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Chef Hack: Use a Cake Tester to Take Meat Temperature

Chef Hack: Use a Cake Tester to Take Meat Temperature

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Cooking a steak is one of those personal things that everyone (minus vegetarians) seems to have an opinion on. How much do you season it? What type of pan do you use? Do you use oil or butter? Do you put it in the oven first? How do you check to see if it’s ready?

Though we can’t tell you how to cook your steak just the way you like it, to our surprise, we found a common technique among chefs, and that’s using cake testers to get the temperature of the meat.

But, why?

According to chef Shane McBride of New York City’s Balthazar, Cherche Midi, and Schiller’s, cake testers provide a more accurate temperature by “touching the inside of the meat.” It’s also a preferred method among chefs since cake testers are really thin and don’t leave a big hole in the meat which “allows juices to leak out and even coagulate, leaving a big glob of unsightly meat mess,” said McBride.

 

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He was taught a similar method in the kitchen of Aureole restaurant, where they used a very skinny meat fork to get inside the meat or fish. He switched to the cake tester once he saw chefs using them at Gramercy Tavern and Craft.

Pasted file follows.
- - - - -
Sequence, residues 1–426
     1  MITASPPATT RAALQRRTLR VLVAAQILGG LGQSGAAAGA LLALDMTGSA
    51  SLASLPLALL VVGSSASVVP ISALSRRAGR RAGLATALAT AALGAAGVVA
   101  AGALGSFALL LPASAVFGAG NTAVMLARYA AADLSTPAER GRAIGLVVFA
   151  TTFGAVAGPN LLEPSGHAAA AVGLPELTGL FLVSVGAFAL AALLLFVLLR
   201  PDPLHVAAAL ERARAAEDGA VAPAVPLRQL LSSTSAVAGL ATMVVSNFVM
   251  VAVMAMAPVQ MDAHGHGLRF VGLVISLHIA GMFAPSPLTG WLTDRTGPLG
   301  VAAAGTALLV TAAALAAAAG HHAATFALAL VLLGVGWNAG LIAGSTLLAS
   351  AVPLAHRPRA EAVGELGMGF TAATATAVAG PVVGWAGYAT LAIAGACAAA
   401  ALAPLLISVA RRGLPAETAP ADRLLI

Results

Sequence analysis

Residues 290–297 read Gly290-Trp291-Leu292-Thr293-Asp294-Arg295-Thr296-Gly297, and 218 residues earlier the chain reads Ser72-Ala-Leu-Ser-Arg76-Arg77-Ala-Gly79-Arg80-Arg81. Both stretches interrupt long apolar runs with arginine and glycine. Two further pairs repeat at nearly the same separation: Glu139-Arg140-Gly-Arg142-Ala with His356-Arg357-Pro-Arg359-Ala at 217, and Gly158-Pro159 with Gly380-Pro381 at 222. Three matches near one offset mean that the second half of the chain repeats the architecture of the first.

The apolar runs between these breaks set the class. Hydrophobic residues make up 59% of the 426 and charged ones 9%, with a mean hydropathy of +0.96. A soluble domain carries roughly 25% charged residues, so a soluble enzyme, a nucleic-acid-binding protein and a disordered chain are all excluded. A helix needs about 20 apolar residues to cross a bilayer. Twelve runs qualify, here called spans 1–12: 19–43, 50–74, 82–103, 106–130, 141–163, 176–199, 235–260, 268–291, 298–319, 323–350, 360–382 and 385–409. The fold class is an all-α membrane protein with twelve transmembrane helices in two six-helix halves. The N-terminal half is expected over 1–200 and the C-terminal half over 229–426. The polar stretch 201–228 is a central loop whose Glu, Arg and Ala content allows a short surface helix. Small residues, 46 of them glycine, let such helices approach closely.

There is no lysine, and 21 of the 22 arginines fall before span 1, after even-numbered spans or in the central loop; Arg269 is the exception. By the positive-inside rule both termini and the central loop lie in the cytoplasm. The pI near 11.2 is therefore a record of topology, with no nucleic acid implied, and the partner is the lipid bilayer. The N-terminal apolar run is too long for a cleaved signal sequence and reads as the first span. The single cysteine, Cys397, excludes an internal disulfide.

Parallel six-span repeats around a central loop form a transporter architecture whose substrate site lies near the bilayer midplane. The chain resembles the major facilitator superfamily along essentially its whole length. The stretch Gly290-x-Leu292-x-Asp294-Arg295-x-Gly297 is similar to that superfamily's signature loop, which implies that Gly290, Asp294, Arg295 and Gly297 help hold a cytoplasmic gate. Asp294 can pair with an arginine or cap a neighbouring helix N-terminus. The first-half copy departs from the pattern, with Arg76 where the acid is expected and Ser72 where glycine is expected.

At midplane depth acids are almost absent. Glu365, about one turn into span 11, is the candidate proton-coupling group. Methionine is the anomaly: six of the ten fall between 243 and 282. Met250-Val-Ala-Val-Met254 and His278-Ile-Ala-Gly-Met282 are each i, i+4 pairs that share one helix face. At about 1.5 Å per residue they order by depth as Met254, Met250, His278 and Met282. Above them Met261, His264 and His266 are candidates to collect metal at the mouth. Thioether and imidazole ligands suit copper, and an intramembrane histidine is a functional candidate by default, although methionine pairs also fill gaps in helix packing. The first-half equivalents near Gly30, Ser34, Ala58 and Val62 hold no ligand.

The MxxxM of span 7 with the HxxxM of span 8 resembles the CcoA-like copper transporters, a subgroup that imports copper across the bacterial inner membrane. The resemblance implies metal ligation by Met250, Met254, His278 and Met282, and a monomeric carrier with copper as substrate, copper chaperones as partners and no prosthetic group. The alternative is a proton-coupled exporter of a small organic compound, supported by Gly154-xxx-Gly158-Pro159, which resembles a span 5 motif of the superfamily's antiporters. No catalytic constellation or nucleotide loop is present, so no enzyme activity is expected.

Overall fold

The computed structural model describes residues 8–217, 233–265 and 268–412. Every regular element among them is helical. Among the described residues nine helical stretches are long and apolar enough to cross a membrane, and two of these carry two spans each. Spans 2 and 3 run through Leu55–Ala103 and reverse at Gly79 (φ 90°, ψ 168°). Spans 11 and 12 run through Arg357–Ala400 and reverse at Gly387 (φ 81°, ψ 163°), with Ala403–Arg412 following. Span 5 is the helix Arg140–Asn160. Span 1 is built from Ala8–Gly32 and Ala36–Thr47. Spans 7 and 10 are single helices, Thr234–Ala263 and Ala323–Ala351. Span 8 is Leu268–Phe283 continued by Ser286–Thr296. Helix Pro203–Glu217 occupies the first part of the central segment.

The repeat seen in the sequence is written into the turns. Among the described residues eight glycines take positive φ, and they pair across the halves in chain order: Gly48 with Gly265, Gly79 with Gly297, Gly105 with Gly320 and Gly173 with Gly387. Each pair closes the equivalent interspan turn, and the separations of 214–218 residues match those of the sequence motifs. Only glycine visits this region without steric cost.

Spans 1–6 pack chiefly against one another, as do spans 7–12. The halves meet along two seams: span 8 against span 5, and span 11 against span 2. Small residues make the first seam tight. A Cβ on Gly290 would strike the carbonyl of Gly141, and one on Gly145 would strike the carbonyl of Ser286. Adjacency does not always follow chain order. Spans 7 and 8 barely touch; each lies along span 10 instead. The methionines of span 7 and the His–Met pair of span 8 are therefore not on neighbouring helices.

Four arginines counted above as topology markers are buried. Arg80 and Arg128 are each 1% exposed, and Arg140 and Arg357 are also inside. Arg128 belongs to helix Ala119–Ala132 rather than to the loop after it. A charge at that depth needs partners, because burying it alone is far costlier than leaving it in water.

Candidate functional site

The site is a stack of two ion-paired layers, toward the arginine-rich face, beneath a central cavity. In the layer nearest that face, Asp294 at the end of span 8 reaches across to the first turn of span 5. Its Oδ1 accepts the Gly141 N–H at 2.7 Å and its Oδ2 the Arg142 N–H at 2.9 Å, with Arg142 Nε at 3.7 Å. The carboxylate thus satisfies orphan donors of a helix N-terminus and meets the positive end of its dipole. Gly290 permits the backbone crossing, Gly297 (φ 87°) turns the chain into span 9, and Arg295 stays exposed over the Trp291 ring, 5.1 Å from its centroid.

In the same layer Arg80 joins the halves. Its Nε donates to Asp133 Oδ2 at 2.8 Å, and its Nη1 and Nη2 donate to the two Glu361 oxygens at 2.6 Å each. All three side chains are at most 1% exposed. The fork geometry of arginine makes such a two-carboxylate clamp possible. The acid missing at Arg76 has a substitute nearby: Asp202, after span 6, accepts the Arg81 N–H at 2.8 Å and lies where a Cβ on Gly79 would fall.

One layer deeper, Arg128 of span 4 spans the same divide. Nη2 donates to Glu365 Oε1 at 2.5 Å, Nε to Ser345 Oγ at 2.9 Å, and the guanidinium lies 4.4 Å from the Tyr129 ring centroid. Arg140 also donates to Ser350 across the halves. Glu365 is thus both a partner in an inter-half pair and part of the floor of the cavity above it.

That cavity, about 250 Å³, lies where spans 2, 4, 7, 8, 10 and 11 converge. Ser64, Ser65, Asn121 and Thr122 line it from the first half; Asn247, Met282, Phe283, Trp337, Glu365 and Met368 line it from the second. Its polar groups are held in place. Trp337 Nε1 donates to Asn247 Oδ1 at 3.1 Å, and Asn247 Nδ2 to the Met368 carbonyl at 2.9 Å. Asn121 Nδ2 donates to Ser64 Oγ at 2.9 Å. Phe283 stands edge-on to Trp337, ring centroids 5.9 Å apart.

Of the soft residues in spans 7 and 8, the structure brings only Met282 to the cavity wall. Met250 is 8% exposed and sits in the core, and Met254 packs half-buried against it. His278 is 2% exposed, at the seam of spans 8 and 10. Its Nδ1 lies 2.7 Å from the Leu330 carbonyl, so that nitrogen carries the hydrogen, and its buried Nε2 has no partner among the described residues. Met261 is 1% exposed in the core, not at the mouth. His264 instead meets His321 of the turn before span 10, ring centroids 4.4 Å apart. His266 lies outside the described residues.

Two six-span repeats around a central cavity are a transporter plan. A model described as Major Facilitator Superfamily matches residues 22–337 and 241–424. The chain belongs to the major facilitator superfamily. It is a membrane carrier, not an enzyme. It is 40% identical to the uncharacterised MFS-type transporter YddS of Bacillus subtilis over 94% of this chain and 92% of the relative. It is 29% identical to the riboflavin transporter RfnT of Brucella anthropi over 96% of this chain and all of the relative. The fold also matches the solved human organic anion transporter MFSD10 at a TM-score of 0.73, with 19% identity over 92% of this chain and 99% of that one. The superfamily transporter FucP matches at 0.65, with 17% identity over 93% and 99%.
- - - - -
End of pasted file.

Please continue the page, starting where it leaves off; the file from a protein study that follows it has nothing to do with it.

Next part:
Here’s How It’s Done

Chefs insert the cake tester into the piece of meat or fish. When they remove it, they touch the cake tester to a heat sensitive part of their body, like the back of the hand, below the lips, or even the neck (ouch!). The metal gets hot or cold based on the internal temperature of the meat being checked.

If the center is still cool, it needs to be cooked longer. If the center is hot, then you have a nicely cooked piece of meat—or if it’s too hot, you have a not-so-nicely overcooked piece of steak and probably some burnt lips. It takes some practice and expertise to know what feels right, but it’s foolproof for chefs who have grown accustomed to the method.

For those of us who wince at the thought of hot metal touching our skin and have no idea what a certain temperature feels like, we’ve got a Digital Instant Read Thermometer to take away some, or really all, of the guesswork.

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